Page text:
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According to the Millennium Development Goals (MDG’s), education has been given a special focus because of the influence it creates in society. This is especially significant for developing countries, where there are countless of problems such as poverty, diseases, unemployment and homelessness. Many researchers have argued that is not only “ethically correct”, but also the best practice to improve the social well being of the society. This explains the common adage “educating a girl child is like educating the entire society.” As a result of the low economic standards in developing countries, the issue of educating girls as a prerequisite for eradicating poverty is un-debatable. Hoon Eng Khoo, the Vice Chancellor of Asian University explains that educating a girl child is mutually reinforcing for the society (Lloyd 115). This essay will explore the significance of educating women in Liberia, a fast rising developing country in Africa.
The Current Situation of Women Education in Developing Countries
The current statistics on women education in developing countries are exceptionally startling. A study by students from California University showed that, over 100 million children of primary age are not attending school. This is further augmented by the fact that the percentage of girls enrollment in schools keep decreasing globally. For instance, between 2002 and 2005, girls’ enrollment in schools decreased from 60% to 56%, thus widening the gap of young adolescents by a large a margin (Kane 56). In Liberia, statistics indicate that only 1 out of 5 girls attend secondary school. In addition, there are only 3 literate females in every 12 literate men. To sum it all up, a recent survey by the UN predicted that only 20 out of 115 countries in Africa have so far achieved gender equity on education. However, there is hope that most African countries will achieve the MDG goal on education by 2015 up to 70% (Lloyd 70).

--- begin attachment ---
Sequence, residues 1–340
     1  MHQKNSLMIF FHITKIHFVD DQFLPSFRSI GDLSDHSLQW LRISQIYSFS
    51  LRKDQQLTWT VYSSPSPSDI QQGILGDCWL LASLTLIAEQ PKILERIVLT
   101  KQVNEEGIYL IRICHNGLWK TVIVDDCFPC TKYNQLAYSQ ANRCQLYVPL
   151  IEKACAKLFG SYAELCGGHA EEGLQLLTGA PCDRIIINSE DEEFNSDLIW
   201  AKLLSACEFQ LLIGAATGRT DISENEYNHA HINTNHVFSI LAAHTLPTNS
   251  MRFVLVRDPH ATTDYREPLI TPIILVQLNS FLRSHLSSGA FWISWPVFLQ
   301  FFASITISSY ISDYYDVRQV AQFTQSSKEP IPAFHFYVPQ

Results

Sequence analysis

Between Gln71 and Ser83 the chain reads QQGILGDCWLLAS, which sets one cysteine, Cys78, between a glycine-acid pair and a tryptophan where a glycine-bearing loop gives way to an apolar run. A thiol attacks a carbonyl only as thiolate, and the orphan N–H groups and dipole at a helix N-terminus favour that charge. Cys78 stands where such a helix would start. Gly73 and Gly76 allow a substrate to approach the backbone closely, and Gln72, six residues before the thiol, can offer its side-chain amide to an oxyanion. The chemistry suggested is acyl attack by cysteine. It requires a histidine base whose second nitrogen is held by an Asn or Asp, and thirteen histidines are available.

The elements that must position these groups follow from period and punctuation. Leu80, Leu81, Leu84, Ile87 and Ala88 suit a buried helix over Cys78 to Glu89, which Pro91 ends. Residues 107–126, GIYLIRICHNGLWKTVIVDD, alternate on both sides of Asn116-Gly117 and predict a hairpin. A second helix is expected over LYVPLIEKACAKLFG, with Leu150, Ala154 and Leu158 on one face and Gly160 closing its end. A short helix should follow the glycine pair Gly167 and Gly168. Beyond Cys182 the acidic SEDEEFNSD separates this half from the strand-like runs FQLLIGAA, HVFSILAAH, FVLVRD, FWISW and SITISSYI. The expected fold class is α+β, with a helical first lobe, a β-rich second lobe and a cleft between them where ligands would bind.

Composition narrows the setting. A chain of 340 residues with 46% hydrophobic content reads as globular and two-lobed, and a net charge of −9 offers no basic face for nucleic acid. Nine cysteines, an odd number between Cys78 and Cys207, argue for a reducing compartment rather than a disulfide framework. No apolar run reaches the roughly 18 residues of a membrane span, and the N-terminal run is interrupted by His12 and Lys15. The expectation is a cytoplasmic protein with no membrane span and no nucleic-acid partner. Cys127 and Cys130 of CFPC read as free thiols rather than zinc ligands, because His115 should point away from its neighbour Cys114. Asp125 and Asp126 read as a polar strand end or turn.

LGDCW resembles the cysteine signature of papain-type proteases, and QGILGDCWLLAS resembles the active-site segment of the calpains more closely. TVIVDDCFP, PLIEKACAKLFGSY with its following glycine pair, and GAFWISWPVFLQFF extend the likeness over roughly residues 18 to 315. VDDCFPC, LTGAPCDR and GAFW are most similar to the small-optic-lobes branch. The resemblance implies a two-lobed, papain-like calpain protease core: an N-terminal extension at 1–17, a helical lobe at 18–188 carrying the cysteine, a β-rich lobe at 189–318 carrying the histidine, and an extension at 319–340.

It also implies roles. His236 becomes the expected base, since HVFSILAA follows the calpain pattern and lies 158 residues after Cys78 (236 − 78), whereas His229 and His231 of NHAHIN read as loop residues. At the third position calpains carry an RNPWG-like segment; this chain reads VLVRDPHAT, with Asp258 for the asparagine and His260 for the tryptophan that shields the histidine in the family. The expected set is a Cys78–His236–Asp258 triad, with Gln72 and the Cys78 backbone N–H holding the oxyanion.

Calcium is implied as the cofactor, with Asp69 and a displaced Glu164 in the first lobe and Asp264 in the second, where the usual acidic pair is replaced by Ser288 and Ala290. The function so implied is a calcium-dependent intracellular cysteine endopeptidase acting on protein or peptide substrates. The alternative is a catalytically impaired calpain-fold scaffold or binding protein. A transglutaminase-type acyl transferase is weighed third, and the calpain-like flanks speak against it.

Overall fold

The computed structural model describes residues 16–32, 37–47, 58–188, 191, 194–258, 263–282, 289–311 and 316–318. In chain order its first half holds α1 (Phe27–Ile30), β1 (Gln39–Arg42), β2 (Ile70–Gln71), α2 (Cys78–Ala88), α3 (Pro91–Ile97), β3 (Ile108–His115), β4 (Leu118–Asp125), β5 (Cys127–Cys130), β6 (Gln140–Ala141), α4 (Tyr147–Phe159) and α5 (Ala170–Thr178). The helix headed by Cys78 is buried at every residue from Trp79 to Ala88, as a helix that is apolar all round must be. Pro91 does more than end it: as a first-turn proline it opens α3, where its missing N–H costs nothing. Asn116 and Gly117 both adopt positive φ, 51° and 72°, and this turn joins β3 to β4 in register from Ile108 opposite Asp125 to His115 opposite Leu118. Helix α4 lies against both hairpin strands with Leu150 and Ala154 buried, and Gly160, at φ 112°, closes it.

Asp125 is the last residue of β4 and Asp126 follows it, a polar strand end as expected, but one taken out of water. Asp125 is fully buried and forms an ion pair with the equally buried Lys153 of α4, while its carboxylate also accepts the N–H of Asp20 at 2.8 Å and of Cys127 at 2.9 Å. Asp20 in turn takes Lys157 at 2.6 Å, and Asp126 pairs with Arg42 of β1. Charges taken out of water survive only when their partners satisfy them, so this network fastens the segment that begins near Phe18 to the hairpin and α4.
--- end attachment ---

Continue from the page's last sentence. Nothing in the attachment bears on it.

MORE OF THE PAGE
The Significance of Women Education in Liberia
In most developing countries, it has been a widely accepted norm in the African society that a woman’s place is in the kitchen, or just being at home to look after the family. Women in most African countries are reduced to house wives and home makers. Once they complete their primary school studies, they are not given a chance to continue schooling to the university level. As a result, they end up in early marriages and become dependent on their husbands who have a better education. However, in Liberia the access to education has empowered and transformed women. This has allowed them to traditional cycle of exclusion of keeping them at home.
According to Kin & Anne, the “access to education has prepared women in Liberia to take up challenging roles in business, government and civil society” (65). A perfect example is Liberia’s president Ellen Johnson Sirleaf. She has been described as a leader who came at the “right time” after the country underwent political turmoil. Besides, the large number of women in cabinet positions has helped in the reconstruction of the country after periods of war and economic hardships. Numerous research studies have evidently shown that women leaders tend to make wise decisions in terms of resource allocation more prudently than men. Besides, in a family setting, women have been found to allocate a large percentage of their income to education and food for their children. Therefore, investing in women education up to the university level is regarded as a long term investment for any country, because it strengthens the political and economic roles of women.
According to the UNEP survey on education in developing countries, educating girls has a positive impact on their health and future generations. The organization found that children born to literate mothers are 50% likely to survive past age eight as opposed to illiterate mothers. Furthermore, it has been estimated that over 2 million children’s lives can be saved annually of women complete secondary school. Indeed, in Liberia and other developing countries, educated women tend to be more knowledgeable on their children’s nutrition. Besides, they also adopt effective medical care and sanitation practices (King & Anne 130).